For Andre Taylor, June 11, 1963 is remembered most as the day he, as a boy, had a thought about enrolling at the University of Alabama.
Then, he shared his plans with his mother, plans he made decades before he would go on to become the first African American president of University of Alabama Alumni Association.
“I am having a very serendipitous moment,” Taylor said. “It took me eight years to set foot on this campus, but I did get here.”
Taylor was one of three alumni and current students of the University of Alabama College of Communication and Information Sciences (C&IS) who spoke Tuesday at the 50th anniversary observance of the integration of the University of Alabama.
The event drew nearly 500 people to Foster Auditorium, where the late Alabama Governor George Wallace made his infamous “Stand in the Schoolhouse Door” June 11, 1963. Today, a plaza has been erected to honor the black students who made the University of Alabama the last flagship institution in the nation to desegregate.
Before Taylor, a public relations graduate and Vietnam War veteran , took the podium Tuesday, Zaneta Lowe, a 1997 communications graduate and Tyler Merriweather, current communication studies major and Coca-Cola First Generation Scholar shared their more recent journeys.
Each speaker was given just five to seven minutes to address a component of the THREE pillars of the University’s 50th anniversary THROUGH THE DOORS observance: Courage, Change, Progress.
“I know what it took for me to get here,” said Merriweather, who will begin his sophomore year in the fall. “I know that my being here I’m living the dream of many African Americans.”
Merriweather spoke of his role as a first-generation college student who is also mentoring two younger sisters even as he has maintained a 3.4 GPA in his first year as a University student, less than two years after an EF-4 tornado destroyed his neighborhoods in both Alberta City and Holt, Ala.
“I refuse to ever be a victim of my circumstances, but always victorious in them.” he said.
In sharp contrast to Merriweather’s experience, Zaneta Lowe, who today works as an investigative reporter at WREG-TV, the CBS affiliate in Memphis, recalled how both her parents and her husband’s parents had been students at the University. As a second-generation Alabama student, she and her husband could see the change that happened in the two decades between when their parents were attending classes at the Tuscaloosa campus and they arrived in the 1990s.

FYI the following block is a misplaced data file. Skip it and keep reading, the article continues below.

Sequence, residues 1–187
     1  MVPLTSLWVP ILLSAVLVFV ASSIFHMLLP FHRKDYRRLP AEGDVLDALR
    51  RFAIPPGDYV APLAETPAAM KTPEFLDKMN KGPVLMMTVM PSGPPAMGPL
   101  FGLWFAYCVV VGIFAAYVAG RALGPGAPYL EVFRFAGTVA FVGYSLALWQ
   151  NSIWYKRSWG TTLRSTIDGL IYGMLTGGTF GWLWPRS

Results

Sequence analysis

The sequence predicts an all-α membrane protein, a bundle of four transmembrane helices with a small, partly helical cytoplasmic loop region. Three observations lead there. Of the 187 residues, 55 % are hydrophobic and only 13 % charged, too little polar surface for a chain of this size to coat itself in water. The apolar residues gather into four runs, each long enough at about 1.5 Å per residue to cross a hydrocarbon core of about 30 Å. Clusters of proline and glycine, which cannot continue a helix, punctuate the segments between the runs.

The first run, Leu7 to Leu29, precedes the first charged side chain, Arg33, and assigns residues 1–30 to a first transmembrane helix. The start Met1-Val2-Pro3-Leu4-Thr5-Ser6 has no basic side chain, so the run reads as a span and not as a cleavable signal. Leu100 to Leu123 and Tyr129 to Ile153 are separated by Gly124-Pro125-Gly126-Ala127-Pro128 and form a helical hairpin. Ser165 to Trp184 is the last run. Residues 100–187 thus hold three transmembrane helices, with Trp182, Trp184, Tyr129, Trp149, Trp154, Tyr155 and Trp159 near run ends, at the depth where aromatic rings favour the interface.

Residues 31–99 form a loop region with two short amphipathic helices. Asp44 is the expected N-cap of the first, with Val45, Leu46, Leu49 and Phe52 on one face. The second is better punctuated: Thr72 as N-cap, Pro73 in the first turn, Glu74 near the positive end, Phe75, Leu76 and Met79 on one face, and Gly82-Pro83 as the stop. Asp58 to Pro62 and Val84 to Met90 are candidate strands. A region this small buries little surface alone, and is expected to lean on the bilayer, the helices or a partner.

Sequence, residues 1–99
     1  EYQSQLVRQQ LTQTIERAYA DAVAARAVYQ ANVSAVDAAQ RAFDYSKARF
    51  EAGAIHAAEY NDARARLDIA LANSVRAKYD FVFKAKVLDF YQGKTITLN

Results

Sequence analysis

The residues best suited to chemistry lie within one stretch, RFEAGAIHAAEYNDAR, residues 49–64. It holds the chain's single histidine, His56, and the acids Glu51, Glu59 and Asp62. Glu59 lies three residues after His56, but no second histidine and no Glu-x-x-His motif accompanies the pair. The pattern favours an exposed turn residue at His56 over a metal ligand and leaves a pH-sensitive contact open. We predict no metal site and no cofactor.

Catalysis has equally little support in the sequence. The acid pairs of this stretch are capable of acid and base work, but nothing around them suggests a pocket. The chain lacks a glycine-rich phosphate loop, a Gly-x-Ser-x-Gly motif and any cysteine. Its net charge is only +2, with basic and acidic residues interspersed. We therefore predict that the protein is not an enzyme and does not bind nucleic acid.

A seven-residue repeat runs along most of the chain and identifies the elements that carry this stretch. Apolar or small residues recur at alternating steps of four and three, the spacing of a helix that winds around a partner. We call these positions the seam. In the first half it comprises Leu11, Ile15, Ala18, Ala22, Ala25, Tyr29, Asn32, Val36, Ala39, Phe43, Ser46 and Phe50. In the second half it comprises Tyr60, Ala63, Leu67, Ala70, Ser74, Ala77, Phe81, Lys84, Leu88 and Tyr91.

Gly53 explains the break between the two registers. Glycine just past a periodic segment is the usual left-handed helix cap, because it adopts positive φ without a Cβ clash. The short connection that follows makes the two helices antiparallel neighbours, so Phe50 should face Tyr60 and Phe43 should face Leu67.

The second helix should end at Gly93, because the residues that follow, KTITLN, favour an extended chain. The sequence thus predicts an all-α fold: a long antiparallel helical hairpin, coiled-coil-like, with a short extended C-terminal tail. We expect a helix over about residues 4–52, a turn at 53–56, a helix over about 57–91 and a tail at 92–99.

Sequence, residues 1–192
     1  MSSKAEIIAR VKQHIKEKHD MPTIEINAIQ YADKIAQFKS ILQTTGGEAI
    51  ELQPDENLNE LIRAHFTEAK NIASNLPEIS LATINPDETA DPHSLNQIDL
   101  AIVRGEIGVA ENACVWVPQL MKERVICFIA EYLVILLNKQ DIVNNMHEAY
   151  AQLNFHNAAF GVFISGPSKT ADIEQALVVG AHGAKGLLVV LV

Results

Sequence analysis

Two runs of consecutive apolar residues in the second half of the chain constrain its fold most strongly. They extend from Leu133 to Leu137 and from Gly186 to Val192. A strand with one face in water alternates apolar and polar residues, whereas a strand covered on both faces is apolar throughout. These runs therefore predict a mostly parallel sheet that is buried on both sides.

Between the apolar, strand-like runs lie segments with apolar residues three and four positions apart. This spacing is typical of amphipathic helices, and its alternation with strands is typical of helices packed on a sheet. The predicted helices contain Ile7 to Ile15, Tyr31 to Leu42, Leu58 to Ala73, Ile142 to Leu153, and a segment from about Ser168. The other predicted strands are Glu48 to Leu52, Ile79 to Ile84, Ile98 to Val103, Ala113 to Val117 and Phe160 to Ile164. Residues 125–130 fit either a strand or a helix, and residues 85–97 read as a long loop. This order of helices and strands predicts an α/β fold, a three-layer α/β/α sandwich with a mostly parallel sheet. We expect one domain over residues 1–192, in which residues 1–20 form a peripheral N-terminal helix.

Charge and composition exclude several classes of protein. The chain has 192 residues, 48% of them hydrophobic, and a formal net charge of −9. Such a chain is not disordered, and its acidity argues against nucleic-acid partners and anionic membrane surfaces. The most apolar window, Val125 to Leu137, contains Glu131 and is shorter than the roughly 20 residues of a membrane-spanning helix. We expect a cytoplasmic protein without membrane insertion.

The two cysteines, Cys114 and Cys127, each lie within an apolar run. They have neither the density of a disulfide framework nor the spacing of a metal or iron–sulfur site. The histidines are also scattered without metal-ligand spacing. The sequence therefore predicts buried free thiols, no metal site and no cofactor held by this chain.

Along with twice as many students, Lowe said could attend classes without worrying about many of the problems that confronted her parents in the 1970s when there were only a few hundred black students.
“Someone else had done all the worrying for us,” Lowe said. “This road we traveled had been paved by the blood, sweat and tears by all those who came before us.”
Much of Lowe’s experience focused on her discovering her career as a news reporter while taking classes in Phifer Hall.
“My career itself started right here on this campus,” she recalled as she was able to begin an internship at Alabama Public Radio in her first years at the University.
“Change is hard. Change is sometimes ugly.” Lowe said. “It’s what’s on the other side of change that makes it worth it.”
Asked to address progress, Taylor is quick to note that why he was the first African American to lead the alumni association at Alabama, there has been at least one other African American to serve in the post since he completed his term in 2005.
Perhaps the most scholarly in his remarks Tuesday, Taylor borrowed from African American Philosopher and Theologian Howard Thurman and Former Alabama Communication and Information Sciences Dean Cully Clark, who wrote The Schoolhouse Door, which is regarded as one of the most comprehensive accounts of the desegregation of the Tuscaloosa campus.
Taylor took a list of statements that reflect achievement in the status of African Americans at the University of Alabama and pondered the question of “What Does It really mean?”
“My list showed elements of progress the University of American made in becoming a community open to all, ” said Taylor.
Along with Taylor, Lowe and Merriweather, Judge John England, who in 1969 was the first black student admitted the University’s Law School, also spoke during the nearly 90-minute program.
“We have celebrated history through reaffirming the ideals and principles that led us to this place,” said Judy Bonner, the UA President, whose remarks opened and closed Tuesday’s event.